how to make tuna soboro

March 12, 2009

in basics,how-to

Shreela had asked me what the tuna soboro looks like when I did “How to make soboro”, so I decided to cook it tonight! I also wanted to do an experiment with Japanese and American mayonnaise in tuna soboro, because I almost always use Japanese mayonnaise when I cook. So I went out and got a jar of kraft “real mayonnaise”! I think having a bigger fridge is definitely encouraging me to do more food experiments. :P

[How to make tuna soboro]
- 2 cans of tuna
- 3 tbs of soy sauce
- 2 tbs of sugar
- 1 tbs of mayonnaise

I didn’t need 4 cans worth of tuna soboro, so I used a can of tuna for each mayonnaise.

1. Drain water or oil from tuna as much as you can, and start cooking.

2. Mix mayonnaise, soy sauce and sugar. The mayonnaise will not completely dissolve, but don’t worry because the heat will melt mayonnaise.

3. When the tuna gets drier, put the mixture of mayo, soy sauce and sugar in and cook until all the fluid is gone. It doesn’t get as dry as beef or pork soboro. Tuna soboro is mushier.

It takes longer than beef/pork soboro because of the water in tuna.

The difference in American mayonnaise and Japanese mayonnaise is that American uses white distilled vinegar, and Japanese uses rice vinegar. Also American mayo has a more thick gelatinous texture than Japanese mayo.

Left: American mayonnaise, Right: Japanese mayonnaise Both soboro look exactly the same, but each has very distincitve taste

Turns out from my experiment, tuna soboro with American mayonnaise is milder than tuna soboro with Japanese mayonnaise. My boyfriend thought the one with Japanese mayo tasted like it had more soy sauce in it, even thought they both had the same amount of soy sauce. I think because American mayo is thicker and contains more fat, it makes the tuna tastes milder than with Japanese mayo.

I think I mentioned this a couple of times before, but Japanese dishes tends to taste a bit salty because it is usually meant to be eaten with rice. So if you’re just using tuna soboro in a sandwich or something, American mayo might be better. If you’re using tuna soboro with stir fried vegetables or eating it with rice, Japanese mayo might suit better.

For those who don’t know what to do with soboro, you can use beef/pork/tuna soboro for…

- Onigiri filling. You can just put it inside onigiri.
- Soboro-don (Soboro rice bowl). Put soboro over rice, and you have soboro-don! You can also put scrambled eggs, and stir fried string beans (or any type of green veggie) with soboro and make Sanshoku-don. (three colored rice bowl)
- Stir fried with anything! Since soboro is already seasoned, you can just put it in plain stir fried vegetable.
- Croquettes. (mix with potato)
- Potato salad.
- Making the ground for your kyaraben. That’s what I do. :P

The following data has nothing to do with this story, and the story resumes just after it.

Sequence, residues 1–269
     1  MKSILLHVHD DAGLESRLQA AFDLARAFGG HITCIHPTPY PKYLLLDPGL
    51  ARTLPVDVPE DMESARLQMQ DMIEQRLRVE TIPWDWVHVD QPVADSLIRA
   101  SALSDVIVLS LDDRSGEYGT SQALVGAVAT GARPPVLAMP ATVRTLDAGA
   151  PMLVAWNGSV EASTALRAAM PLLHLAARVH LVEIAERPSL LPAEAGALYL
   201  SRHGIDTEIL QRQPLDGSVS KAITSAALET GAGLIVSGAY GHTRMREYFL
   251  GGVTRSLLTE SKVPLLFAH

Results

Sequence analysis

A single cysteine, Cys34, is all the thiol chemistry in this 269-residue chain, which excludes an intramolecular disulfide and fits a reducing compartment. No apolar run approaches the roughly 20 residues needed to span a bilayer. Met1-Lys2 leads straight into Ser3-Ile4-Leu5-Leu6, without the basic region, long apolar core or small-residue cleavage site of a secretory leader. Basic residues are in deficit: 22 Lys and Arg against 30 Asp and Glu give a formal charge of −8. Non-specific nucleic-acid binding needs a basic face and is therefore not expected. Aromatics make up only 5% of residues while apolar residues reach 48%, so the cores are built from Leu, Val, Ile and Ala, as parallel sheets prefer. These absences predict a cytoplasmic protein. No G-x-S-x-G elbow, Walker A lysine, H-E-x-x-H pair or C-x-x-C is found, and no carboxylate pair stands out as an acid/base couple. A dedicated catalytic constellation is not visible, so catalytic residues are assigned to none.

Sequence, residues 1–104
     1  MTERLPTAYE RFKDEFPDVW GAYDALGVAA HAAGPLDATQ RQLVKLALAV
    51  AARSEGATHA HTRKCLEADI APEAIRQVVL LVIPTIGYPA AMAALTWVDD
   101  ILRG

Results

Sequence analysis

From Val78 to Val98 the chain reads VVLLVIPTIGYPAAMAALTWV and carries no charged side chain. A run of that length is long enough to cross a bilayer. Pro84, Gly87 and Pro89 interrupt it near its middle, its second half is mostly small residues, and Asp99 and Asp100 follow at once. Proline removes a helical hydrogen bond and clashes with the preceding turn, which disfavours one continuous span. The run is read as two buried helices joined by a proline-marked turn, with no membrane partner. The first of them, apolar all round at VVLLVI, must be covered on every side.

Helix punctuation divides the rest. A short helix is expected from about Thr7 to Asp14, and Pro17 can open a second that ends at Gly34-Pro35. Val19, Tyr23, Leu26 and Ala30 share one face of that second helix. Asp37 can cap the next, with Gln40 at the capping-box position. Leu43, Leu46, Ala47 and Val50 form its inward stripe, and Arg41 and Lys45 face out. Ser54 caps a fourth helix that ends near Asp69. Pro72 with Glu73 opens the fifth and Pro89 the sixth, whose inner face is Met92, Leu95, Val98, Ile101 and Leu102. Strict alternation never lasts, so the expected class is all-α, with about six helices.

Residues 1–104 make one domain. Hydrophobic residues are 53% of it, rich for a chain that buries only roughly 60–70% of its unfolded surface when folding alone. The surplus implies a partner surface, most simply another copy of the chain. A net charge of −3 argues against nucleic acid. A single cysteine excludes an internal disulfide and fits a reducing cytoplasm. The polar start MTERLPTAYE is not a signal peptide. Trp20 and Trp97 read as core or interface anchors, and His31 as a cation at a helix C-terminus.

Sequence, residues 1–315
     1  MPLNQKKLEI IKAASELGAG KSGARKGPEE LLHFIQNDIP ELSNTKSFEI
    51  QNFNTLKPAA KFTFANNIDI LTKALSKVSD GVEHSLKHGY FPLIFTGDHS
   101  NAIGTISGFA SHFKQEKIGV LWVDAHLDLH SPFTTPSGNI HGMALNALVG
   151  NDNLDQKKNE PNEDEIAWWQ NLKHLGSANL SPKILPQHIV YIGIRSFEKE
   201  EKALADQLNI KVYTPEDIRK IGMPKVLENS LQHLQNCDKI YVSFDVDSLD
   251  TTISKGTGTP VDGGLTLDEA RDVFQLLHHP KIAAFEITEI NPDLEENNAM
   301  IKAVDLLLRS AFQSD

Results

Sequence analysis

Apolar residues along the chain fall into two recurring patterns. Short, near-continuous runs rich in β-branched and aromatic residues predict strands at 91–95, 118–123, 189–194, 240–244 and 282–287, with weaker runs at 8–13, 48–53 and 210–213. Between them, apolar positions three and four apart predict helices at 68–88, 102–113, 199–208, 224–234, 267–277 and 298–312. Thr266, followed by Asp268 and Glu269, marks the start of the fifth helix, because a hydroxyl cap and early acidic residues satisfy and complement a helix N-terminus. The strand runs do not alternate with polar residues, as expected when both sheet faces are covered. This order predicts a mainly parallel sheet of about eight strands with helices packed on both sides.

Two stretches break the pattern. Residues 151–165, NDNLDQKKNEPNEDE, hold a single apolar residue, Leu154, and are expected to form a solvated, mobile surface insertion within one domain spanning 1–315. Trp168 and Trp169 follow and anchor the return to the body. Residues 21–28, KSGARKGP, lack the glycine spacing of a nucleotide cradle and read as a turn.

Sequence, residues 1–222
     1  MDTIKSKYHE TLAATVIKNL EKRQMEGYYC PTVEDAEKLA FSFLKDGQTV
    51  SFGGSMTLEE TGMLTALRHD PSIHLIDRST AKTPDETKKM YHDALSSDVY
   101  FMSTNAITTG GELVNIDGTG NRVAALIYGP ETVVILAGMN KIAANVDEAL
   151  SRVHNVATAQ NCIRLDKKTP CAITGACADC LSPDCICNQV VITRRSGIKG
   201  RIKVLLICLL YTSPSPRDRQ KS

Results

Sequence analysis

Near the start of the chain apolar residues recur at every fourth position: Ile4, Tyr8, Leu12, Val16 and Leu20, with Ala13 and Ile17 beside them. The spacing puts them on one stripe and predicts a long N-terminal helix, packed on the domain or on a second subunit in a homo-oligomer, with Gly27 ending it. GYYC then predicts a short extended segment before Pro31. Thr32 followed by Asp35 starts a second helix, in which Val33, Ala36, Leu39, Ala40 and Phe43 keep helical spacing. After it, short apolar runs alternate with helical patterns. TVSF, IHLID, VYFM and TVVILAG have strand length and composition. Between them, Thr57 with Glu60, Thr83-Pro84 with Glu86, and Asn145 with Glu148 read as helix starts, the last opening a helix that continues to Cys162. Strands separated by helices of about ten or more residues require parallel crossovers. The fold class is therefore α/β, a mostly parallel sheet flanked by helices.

There are so many ways to use soboro, but I suggest you just sprinkle over food and find out for yourself. :)

How to make tuna soboro on my flickr

How to make soboro on my flickr

For more pictures of my bento, visit Bento! set and Bento details! set on my flickr page.
If you have any questions about any of my how-to’s, please feel free to leave a comment or email me!

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{ 9 comments… read them below or add one }

NikkiNo Gravatar March 13, 2009 at 1:17 am

yay, thanks for posting about this! I wanted to know what mayo you used, I only have japanese mayo. Thank you for telling us what the resulting taste difference was too! Good to know! I want to try to make beef soboro with American mayo now for sandwiches for my friend. :D


LizzieNo Gravatar March 14, 2009 at 6:29 am

How long do you think soboro would keep for? I always make too much stuff so I have leftovers for the next few days and I was wondering how long I could push keeping this ;p


ShreelaNo Gravatar March 17, 2009 at 12:29 am

Wooo, what a nice post to find after being offline a few days (monitor died). I’m going to try this tomorrow while hubby is at work, but I only have Miracle Whip (hubby is from the US south, where many prefer their mayo ‘sweeter’). If it tastes too sweet, I’ll make some mayo from scratch with the blender to compare.

I have plenty of rice premade, and stored in serving size squares in gallon ziploc baggies in the freezer. So I’ll be having tuna soboro ongiri tomorrow 8^)

Thanks again!


ShreelaNo Gravatar March 17, 2009 at 12:32 am

PS: I’m going to try it as a salad sprinkle too.


AmyNo Gravatar March 19, 2009 at 3:47 pm

Thanks for this! I made this for my husband, and he really likes it. I’ve definitely gotta try this as onigiri filling.


NicoleNo Gravatar April 17, 2009 at 11:41 pm

There used to be a Japanese restaurant here that had some sort of delicious tuna treat in bowls for all of their customers as soon as they were seated. My friends all hated it so I got to have their portions, which was awesome, but I never got back to the restaurant before it closed.

This HAS to be what they served and I am absolutely stoked to have found it here. You rule.


LauraNo Gravatar September 12, 2011 at 4:27 pm

I can’t wait to try this! I was wondering if you have a preferred soy sauce?


AnnaTheRedNo Gravatar September 19, 2011 at 1:31 pm

Hmm, not really. I’ve used both regular soy sauce and low-sodium soy sauce before. If you aren’t sure, add soy sauce little by little, and keep tasting it!


AlexNo Gravatar June 3, 2012 at 5:36 am

Nice post which American mayo has a more thick gelatinous texture than Japanese mayo. In which If you’re using tuna soboro with stir fried vegetables or eating it with rice, Japanese mayo might suit better. Thanks a lot for posting this article.


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